Brett happens

All wine, most of the time

MWG November 24th tasting: Perfectly Pinot

leave a comment »

Côtes-de-Nuits Villages 2012, Viola odorata, Domaine Henri Naudin-Ferrand ($76.75, private import, 6 bottles/case)
Each of the estate’s unsulphured cuvées is named after a different wildflower found growing in the vineyards. The grapes for this 100% Pinot Noir come from sustainably farmed 70- to 85-year-old vines grown in three parcels. Manually harvested. The whole clusters are vatted under carbon dioxide for two weeks’ maceration and fermentation (with indigenous yeasts and occasional punch-downs), followed by a quick, gentle pressing, The must is transferred by gravity into large barrels for 48 hours’ settling and then into French oak barrels (80% new) for malolactic fermentation and maturation (18 months in all). Bottled unfiltered and unfined using gravity and compressed air (no pumping). No added sulphur. 12.5% ABV. Quebec agent: oenopole.
The kind of fragrant nose that makes Pinot Noir lovers swoon: red berries, forest floor, ferns, cola, beet, turned earth, slate, ash and a hint of iodide. A sip shows the wine to be a medium-bodied, silky textured, expansive mouthful of ripe fruit with firm yet lacy tannins and glowing acidity, all grounded in earth and minerals and slow-fading in a long, woody (not oaky) finish. Am not sure how it pulls off the trick of being both rustic and elegant but it does. Carafe an hour or longer if serving now or cellar for another five or ten years. (Buy again? If you can afford it, go for it!)

Vosne-Romanée 2011, Les Jachées, Domaine Bizot ($179.00, 11381953)
The 3.5-hectare estate produces a total 900 cases of wines a year. 100% Pinot Noir from sustainably farmed 80-plus-year-old vines grown in the Les Jachées vineyard. Manually harvested. The whole clusters are vatted, fermented with indigenous yeasts for 14 to 20 days and gently pressed. The must is transferred to new oak barrels for 15 to 20 months’ maturation. Unpumped, unracked, unfiltered and unfined, with not added sulphur. Manually bottled, barrel by barrel (the label specifies which barrel the wine came from). 11.5% ABV. Quebec agent: oenopole.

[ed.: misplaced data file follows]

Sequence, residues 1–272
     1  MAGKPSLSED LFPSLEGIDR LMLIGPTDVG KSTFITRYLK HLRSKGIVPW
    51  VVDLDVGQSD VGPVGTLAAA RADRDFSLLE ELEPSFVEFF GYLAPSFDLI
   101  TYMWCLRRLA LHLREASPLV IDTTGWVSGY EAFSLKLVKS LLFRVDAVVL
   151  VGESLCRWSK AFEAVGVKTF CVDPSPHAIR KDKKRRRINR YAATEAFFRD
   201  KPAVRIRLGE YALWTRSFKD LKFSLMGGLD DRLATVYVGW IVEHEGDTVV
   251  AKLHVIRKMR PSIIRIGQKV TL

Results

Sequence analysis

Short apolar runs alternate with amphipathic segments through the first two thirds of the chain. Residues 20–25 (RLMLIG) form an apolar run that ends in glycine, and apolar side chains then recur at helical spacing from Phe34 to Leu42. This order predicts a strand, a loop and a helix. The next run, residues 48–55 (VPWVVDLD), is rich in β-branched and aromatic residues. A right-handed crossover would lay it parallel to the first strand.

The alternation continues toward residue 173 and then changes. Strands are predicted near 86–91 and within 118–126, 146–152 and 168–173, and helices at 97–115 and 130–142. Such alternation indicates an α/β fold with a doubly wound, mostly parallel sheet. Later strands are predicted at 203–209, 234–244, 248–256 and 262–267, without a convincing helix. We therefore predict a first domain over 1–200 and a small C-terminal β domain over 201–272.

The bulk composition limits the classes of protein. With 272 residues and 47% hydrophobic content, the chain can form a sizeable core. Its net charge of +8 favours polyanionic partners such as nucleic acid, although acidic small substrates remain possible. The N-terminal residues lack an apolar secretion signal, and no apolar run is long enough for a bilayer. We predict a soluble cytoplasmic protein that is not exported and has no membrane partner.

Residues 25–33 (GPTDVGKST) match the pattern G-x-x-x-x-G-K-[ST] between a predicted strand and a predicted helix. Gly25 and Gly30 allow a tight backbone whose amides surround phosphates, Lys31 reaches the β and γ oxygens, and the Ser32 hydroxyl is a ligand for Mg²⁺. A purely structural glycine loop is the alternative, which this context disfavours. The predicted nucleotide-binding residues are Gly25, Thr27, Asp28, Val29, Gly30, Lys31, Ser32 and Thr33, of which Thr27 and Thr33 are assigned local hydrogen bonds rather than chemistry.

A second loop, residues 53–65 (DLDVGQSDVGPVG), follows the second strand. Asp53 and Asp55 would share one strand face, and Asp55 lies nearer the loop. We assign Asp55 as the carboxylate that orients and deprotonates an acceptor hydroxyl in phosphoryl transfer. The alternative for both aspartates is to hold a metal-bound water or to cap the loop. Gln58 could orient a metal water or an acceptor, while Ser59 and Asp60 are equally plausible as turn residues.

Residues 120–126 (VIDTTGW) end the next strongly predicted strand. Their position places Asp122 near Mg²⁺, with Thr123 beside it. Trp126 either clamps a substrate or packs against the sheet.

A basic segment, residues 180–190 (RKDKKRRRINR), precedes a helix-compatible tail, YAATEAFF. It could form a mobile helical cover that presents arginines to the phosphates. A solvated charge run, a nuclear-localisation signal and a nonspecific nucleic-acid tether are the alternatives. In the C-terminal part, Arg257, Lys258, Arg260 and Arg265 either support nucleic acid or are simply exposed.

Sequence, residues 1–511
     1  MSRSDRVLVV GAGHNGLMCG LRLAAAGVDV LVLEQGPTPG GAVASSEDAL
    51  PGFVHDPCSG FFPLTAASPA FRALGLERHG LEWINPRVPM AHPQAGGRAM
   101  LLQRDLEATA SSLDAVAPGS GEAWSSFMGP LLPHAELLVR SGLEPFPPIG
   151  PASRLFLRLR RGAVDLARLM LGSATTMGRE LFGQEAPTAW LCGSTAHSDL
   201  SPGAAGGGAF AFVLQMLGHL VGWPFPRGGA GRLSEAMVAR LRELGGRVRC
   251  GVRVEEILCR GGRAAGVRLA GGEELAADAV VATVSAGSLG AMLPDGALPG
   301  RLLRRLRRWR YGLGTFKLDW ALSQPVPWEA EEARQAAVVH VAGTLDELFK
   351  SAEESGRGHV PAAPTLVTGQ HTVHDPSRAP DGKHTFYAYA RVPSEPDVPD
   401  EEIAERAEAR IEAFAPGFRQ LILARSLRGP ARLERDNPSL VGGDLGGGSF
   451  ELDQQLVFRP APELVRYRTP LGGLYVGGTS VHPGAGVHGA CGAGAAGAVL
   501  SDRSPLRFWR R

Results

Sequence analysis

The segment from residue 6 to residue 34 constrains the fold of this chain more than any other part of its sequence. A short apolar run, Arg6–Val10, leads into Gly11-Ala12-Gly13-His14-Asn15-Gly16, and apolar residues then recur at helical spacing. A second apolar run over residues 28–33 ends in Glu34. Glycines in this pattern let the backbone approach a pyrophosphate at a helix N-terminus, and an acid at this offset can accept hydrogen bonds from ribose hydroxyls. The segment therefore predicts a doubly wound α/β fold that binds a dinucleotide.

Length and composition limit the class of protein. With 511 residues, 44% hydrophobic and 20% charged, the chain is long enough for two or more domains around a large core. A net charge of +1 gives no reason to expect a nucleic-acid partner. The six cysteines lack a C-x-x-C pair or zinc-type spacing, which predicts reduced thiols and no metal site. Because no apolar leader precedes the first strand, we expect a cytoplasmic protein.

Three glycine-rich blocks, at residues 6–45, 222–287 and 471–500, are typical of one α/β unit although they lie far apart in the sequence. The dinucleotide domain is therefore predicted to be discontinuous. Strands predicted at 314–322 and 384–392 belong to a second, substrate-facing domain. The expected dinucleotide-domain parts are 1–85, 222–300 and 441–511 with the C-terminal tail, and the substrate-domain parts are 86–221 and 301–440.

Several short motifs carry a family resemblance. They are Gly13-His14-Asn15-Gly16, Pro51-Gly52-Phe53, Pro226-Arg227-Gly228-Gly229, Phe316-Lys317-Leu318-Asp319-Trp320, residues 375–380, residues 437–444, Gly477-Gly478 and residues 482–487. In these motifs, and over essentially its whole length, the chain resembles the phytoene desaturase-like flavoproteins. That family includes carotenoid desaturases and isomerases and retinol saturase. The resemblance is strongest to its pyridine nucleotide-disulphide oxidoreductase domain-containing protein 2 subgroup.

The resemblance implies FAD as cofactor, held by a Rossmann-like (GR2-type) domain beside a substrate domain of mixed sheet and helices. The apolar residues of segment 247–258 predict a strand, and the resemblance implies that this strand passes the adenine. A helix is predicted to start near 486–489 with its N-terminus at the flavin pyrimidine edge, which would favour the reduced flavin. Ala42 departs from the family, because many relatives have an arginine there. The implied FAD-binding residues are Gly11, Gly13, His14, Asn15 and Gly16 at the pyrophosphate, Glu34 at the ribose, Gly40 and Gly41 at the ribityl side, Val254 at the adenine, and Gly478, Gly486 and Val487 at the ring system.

More assertive but equally textbook nose redolent of spice, cherry, wood, cedar, turned earth, beet: ça pinote, as they say around here. Richer, rounder and deeper, too. Structured though not at the expense of fluidity. Silky fruit unfurls over fine velvety tannins and sleek acidity. Layers of minerals and wood hint at unplumbable depths. Gains a liqueurish note on the seemingly endless finish. Dry but so ripe and pure you don’t notice. In a word, spellbinding. Remarkably accessible for such a primary wine, which isn’t to say it shouldn’t be cellared for a decade. (Buy again? If you can afford it, go for it!)

An interesting flight for several reasons. First, it was arguably the most memorable of the tasting. Also, both wines come from the Côtes-de-Nuits and are made with grapes from old vines. Both estates have similar farming and winemaking practices. And lastly, Claire Naudin and Jean-Yves Bizot were once an item and remain good friends.

(Flight: 3/5)

Written by carswell

December 19, 2014 at 14:05

Leave a Reply

Fill in your details below or click an icon to log in: Logo

You are commenting using your account. Log Out /  Change )

Twitter picture

You are commenting using your Twitter account. Log Out /  Change )

Facebook photo

You are commenting using your Facebook account. Log Out /  Change )

Connecting to %s

This site uses Akismet to reduce spam. Learn how your comment data is processed.

%d bloggers like this: